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Bigelow Aerospace's expandable modules  (Source: wikimedia.org)
Further details about the partnership and scheduling will be released on Wednesday, according to NASA

After much success with SpaceX, NASA has decided to bring another commercial space company onboard -- but this time, it's for an International Space Station (ISS) remodel.

NASA has awarded commercial space company Bigelow Aerospace a total of $17.8 million to create an expandable module for the ISS.

Bigelow Aerospace, which was founded in 1998, has been building expandable spacecraft with the intention of using them on missions. In 2006 and 2007, the company successfully launched its prototypes into orbit.

Now, NASA wants Bigelow Aerospace to use its expandable modules to develop a bigger space station.

Further details about the partnership and scheduling will be released on Wednesday, according to NASA.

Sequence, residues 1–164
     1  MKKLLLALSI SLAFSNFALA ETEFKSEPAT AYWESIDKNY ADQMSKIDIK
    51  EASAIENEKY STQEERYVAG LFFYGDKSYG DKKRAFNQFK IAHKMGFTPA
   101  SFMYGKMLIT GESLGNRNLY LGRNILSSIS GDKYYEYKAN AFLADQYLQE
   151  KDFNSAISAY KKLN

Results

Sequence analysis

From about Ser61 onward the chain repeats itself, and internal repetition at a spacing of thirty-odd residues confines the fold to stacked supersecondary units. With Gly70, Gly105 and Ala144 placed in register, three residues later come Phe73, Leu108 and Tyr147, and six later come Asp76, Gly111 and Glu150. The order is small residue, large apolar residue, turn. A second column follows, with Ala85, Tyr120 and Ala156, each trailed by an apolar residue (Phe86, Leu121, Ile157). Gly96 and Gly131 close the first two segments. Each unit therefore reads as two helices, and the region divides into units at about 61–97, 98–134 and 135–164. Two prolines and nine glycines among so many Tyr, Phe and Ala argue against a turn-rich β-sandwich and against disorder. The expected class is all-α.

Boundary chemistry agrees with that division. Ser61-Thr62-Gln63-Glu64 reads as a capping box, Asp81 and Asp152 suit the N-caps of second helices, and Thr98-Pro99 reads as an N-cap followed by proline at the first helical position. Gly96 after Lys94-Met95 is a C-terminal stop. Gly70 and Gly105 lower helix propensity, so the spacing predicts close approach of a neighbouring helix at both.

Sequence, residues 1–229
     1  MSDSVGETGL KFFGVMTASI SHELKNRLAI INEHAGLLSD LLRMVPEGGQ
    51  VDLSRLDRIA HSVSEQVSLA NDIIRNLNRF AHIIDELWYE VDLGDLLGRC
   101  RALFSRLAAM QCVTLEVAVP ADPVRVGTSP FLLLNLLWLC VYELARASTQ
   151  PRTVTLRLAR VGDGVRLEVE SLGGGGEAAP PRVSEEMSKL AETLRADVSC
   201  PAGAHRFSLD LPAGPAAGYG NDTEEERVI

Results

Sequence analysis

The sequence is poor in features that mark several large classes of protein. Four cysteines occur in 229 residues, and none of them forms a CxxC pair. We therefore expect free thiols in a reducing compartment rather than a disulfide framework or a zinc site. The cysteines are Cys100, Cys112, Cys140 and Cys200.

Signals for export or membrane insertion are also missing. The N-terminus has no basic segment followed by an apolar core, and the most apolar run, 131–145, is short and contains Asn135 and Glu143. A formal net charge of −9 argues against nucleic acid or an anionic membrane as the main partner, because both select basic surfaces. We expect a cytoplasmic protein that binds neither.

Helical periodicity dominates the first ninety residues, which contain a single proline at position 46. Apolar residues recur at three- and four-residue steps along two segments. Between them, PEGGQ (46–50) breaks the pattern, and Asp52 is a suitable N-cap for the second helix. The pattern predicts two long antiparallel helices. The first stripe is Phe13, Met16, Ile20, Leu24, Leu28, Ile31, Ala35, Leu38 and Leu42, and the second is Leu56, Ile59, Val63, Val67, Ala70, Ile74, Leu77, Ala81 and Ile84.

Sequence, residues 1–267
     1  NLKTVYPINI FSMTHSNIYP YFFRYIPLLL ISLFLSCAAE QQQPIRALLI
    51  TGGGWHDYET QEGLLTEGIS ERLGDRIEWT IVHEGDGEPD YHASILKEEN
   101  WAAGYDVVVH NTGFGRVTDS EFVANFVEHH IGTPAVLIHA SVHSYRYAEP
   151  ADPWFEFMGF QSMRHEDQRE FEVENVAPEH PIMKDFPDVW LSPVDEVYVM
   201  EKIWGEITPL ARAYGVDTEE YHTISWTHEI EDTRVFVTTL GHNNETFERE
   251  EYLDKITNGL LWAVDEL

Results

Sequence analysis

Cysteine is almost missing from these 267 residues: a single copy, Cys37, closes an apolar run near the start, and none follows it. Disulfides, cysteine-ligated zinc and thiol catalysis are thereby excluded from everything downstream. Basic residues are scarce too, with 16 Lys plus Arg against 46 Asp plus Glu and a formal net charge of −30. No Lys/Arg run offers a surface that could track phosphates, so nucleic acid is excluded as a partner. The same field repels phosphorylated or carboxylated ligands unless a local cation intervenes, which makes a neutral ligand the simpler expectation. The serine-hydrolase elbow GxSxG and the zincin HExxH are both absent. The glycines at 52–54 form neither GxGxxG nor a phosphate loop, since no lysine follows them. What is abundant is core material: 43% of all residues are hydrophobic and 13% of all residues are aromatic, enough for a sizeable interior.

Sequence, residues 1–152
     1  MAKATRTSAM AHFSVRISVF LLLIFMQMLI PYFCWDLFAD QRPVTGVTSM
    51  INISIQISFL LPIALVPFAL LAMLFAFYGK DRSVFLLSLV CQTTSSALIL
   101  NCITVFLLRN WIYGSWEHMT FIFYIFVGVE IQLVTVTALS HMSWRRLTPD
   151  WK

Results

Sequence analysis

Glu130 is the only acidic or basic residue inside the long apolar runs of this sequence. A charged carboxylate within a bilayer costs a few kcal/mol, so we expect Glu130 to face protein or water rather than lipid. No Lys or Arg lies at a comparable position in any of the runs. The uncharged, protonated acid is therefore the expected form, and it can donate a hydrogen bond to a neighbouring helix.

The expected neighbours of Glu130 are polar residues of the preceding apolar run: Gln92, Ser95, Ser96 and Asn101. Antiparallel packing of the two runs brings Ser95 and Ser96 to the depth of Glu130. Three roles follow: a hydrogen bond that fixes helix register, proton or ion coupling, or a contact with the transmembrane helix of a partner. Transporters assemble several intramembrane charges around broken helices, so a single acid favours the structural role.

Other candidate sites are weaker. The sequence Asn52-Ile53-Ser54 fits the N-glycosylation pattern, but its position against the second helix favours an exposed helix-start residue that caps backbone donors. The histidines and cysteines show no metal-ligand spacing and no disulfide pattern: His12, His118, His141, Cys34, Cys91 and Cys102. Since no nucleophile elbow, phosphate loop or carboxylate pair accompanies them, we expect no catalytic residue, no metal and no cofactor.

“This partnership agreement for the use of expandable habitats represents a step forward in cutting-edge technology that can allow humans to thrive in space safely and affordably, and heralds important progress in U.S. commercial space innovation,” said NASA Deputy Administrator Lori Garver.

NASA took a chance with private, California-based space company SpaceX when the government agency retired its space shuttle fleet throughout 2011. SpaceX stepped up in order to provide American astronauts a way to the ISS without hitching an expensive ride on a Russian Soyuz rocket. In 2012, SpaceX's Dragon made an initial successful cargo trip to the ISS in May and its first official cargo trip later in October.

It is rumored that SpaceX and Bigelow Aerospace will make a trip together in 2015.

The ISS, which launched in 1998, will deorbit and be sent to the ocean around 2020 according to deputy head of Roskosmos space agency Vitaly Davydov.

Source: Forbes





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